In the condition of HF, the values of NCX and LCC conductance are increased by 30% and 20%, respectively, which agrees well with our experimental measurement. The close‐to‐open rates of RyRs are increased by 30%. The maximum SERCA activity is reduced by 67%. IKr, IKslow1, IKslow2, IK1, Ito,f, and Iss are reduced by 50%.
The spatial cell model was coded in CUDA C. The ordinary differential equations were integrated numerically with the Euler method. Stochastic openings of LCCs and RyRs were numerically solved by the Gillespie algorithm. The gating variables were integrated using the method by Rush and Larsen. The time step was 0.01 ms. For all the simulations, we paced the cell at a pacing cycle length of 2 seconds for 50 beats. EADs were examined at the last 2 beats.
HF remodeling alterations were simulated on the basis of our previous study40 and experimental information from the current study: (1) RyR leakiness was increased by increasing the transition rate from the closed state to the open state by 30%; (2) the maximum SERCA activity was reduced by 67%, and the Kd was reduced from 0.6 to 0.3 μmol/L to simulate increased phospholamban phosphorylation; (3) the NCX, INCX, was increased by 30%, and the ICa,L was increased by 20%; (4) potassium currents, IKr, Ito,f, Ikslow1, Ikslow2, and IK1, were reduced by 50%; and (5) MCU activity was increased by 3‐fold from normal control. The cell was paced by a current pulse of 2 ms with an amplitude of −50 pA/pF (current‐clamp mode) at a pacing cycle length of 2 seconds for 50 beats to reach steady state. AP duration (APD) was defined by the duration during which the membrane voltage was >−80 mV.
Data were shown as the mean±SEM. As noted in the text, Mann‐Whitney and Fisher's exact tests were used for statistical analysis. Bonferroni correction was used for multiple comparisons. P<0.05 was considered statistically significant. SigmaPlot, version 11.0 (Systat Software, Inc, San Jose, CA) was used for statistical analysis.
Sustained Hypertension Caused Nonischemic Cardiomyopathy
At 6 weeks after surgery, nonischemic HF mice developed hypertension with a significant augmentation of both systolic and diastolic blood pressure, as measured by tail‐cuff plethysmography (Table 5). Echocardiography showed an impairment of systolic function. Ejection fraction decreased from 49±4% in control mice to 36±2% in nonischemic HF C57BL/6 mice (P<0.05). The left ventricular chamber was enlarged at both end systole and end diastole (Table 5). Ejection fraction decreased from 63±2% in control mice (n=6) to 51±3% in nonischemic HF CD1 mice (n=5, P<0.01).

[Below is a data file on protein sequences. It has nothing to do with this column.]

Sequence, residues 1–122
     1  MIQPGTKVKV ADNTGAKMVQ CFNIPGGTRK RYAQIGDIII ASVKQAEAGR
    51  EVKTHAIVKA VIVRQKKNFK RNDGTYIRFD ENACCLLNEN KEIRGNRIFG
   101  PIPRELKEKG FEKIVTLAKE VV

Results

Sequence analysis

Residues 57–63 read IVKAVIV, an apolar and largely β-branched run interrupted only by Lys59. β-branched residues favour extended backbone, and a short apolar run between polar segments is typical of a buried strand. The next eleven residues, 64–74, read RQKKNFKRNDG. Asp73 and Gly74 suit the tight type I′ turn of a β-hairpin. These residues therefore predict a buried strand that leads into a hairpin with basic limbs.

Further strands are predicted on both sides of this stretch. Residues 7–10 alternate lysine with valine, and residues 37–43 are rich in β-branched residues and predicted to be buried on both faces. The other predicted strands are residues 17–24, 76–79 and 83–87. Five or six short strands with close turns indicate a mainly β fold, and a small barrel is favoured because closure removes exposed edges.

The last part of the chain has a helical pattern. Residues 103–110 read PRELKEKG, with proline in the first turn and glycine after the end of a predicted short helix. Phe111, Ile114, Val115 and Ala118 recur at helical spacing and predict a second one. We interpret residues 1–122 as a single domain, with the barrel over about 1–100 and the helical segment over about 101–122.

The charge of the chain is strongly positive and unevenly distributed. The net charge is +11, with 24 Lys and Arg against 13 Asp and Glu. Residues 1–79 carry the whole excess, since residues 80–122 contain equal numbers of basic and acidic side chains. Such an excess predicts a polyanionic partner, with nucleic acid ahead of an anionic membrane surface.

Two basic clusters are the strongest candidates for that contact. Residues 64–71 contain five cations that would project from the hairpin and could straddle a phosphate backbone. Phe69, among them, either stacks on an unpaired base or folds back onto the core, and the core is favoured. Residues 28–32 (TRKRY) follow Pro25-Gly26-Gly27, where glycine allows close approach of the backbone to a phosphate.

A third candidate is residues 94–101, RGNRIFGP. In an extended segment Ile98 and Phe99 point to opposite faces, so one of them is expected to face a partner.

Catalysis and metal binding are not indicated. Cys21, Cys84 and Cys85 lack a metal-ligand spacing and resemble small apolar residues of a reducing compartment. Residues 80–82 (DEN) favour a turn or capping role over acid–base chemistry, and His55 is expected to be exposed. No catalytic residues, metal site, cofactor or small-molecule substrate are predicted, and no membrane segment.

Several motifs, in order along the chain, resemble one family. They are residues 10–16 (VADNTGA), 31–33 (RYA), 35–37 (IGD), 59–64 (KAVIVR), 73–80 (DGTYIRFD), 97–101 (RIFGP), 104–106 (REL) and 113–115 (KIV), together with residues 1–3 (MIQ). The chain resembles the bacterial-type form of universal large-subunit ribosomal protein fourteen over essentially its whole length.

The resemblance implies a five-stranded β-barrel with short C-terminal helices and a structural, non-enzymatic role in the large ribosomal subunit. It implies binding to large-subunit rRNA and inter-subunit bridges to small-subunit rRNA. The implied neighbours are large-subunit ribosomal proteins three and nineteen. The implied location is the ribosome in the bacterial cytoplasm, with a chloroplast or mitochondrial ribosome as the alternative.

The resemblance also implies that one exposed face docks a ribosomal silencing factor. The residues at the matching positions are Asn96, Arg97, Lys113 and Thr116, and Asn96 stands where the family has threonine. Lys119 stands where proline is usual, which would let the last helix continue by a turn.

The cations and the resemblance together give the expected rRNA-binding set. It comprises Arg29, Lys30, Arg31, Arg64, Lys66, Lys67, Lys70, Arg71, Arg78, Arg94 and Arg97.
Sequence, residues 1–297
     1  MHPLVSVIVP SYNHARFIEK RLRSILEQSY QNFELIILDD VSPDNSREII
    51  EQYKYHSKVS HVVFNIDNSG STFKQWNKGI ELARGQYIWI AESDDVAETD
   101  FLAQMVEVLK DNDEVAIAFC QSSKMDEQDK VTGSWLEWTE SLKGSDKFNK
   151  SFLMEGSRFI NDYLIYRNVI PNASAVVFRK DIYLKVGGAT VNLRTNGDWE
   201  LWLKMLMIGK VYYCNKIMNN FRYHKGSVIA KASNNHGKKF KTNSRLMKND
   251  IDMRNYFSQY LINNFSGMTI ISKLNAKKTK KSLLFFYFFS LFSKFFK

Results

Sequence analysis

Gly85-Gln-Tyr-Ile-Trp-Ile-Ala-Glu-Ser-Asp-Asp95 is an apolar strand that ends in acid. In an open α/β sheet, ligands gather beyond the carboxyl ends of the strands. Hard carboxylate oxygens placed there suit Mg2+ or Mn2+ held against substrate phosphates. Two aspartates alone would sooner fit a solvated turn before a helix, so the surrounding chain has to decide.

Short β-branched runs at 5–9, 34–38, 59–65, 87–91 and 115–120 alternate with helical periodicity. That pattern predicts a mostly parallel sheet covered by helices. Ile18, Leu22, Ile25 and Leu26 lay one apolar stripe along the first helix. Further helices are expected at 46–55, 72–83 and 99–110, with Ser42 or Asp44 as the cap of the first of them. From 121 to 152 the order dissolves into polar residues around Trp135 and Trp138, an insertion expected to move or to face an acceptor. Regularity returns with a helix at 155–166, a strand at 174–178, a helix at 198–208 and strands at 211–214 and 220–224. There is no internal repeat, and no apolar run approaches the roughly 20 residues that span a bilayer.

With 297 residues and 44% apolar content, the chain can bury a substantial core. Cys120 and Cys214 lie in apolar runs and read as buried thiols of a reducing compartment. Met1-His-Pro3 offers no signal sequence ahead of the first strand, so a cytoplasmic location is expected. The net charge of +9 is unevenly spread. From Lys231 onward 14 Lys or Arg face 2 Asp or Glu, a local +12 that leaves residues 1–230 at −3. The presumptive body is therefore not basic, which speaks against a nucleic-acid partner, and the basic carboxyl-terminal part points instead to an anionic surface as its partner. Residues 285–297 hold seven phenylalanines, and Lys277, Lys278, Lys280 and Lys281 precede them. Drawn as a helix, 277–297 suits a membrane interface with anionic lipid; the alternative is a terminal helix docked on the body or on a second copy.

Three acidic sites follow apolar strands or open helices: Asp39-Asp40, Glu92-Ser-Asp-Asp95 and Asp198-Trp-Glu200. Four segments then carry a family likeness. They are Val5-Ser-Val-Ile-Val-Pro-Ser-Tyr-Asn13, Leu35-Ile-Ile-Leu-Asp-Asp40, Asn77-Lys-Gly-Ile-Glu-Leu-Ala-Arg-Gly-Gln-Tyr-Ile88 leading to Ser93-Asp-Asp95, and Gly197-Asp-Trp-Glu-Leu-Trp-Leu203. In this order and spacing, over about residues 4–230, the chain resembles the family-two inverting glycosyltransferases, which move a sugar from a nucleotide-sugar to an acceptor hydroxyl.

Nonischemic HF Mice Showed Induced Arrhythmias
ECG recordings were performed 6 weeks after the start of DOCA‐salt treatment. The heart rate remained constant, but the corrected QT (QTc) interval increased from 42±1 ms in sham mice to 52±2 ms in nonischemic HF mice (P<0.05, Figure 2B). With low‐dose isoproterenol (IP 0.2 mg/kg), 100% of nonischemic HF mice showed induced premature ventricular contractions versus only 29% of the sham mice (P<0.05 by Fisher's exact test). With high‐dose isoproterenol (2.5 mg/kg), 3 of 7 nonischemic HF mice and no control mice had ventricular fibrillation or tachycardia (Figure 2A). All nonischemic HF mice and control mice had premature ventricular contractions after high‐dose isoproterenol. These results implied that nonischemic HF mice were more prone to arrhythmia when compared with sham control mice.
Myopathic Mice Had Increased EADs
APs were recorded from acutely isolated mouse left ventricular cells by perforated current‐clamp. Compared with control APs, nonischemic HF cardiomyocytes showed an increase in the APD at 90% repolarization (APD90) from 83±21 to 242±45 ms (P<0.01, Table 6). APD90s were calculated from APs without EADs. The APD prolongation was qualitatively consistent, with the QTc prolongation seen in vivo (Figure 2B). The peak amplitudes of APs and the resting membrane potentials of ventricular cells were the same between nonischemic HF and sham mice (Table 6).
Of nonischemic HF ventricular myocytes, 66% showed EADs compared with 17% of sham myocytes (Figure 3A, Table 6, P<0.05, by Fisher's exact test). Among 12 nonischemic HF ventricular myocytes, 3 cells had triggered extra systoles, whereas there were no triggered extra systoles in an equal number of control ventricular cells. EADs could be abolished by intracellular addition of 1 μmol/L Ru360, a mitochondrial calcium uniporter specific antagonist.41 Ru360 could substantially shorten APD90 (Figure 4, Table 6).
Electrophysiological Basis for EADs in Nonischemic HF Cardiomyocytes
Myopathic ventricular cells showed a reduction of the peak and steady‐state K+ currents (Figure 5A). In addition, the depolarizing ICa,L values were enhanced in nonischemic HF mice (Figure 5B). Finally, NCX currents were increased by 41% in nonischemic HF ventricular cells (1.11±0.09 versus 1.57±0.10 pA/pF, P<0.05, Figure 5C). The increase in depolarizing currents and the decrease in repolarizing currents could explain why APD90 increased in nonischemic HF mice.
Altered Cytoplasmic and Mitochondrial Ca2+ Transients in Myopathic Ventricular Cells